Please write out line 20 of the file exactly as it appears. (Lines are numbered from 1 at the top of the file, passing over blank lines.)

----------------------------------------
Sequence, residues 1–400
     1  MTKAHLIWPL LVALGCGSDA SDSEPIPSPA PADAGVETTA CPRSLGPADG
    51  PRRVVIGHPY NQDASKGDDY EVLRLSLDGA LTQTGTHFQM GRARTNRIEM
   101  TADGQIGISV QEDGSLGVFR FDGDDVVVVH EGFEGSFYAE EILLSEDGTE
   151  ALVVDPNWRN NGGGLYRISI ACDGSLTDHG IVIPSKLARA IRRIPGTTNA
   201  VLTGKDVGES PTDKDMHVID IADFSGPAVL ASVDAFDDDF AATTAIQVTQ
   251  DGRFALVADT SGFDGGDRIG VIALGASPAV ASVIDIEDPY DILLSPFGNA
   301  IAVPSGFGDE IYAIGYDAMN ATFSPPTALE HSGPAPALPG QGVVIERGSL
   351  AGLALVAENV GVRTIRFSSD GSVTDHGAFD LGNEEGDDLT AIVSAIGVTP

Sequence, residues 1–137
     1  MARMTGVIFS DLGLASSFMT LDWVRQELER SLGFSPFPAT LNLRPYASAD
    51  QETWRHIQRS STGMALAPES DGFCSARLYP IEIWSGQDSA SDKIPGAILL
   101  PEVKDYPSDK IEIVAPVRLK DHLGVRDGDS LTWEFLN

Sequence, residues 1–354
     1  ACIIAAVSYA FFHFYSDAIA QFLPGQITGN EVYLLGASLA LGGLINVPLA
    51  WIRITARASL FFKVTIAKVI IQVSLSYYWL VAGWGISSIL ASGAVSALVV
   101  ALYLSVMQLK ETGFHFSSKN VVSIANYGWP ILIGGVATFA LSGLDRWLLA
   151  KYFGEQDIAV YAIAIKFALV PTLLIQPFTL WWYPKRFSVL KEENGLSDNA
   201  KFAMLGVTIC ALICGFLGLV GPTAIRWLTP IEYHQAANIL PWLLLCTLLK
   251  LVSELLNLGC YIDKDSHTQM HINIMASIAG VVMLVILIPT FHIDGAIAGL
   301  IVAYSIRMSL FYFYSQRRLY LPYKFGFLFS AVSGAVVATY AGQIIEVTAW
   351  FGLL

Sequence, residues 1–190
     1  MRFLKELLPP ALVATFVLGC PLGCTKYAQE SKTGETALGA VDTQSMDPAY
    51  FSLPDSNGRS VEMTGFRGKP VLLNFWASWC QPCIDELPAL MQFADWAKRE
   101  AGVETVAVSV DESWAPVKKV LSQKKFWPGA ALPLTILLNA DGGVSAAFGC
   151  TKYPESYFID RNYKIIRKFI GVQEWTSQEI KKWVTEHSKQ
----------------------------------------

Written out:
   251  LVSELLNLGC YIDKDSHTQM HINIMASIAG VVMLVILIPT FHIDGAIAGL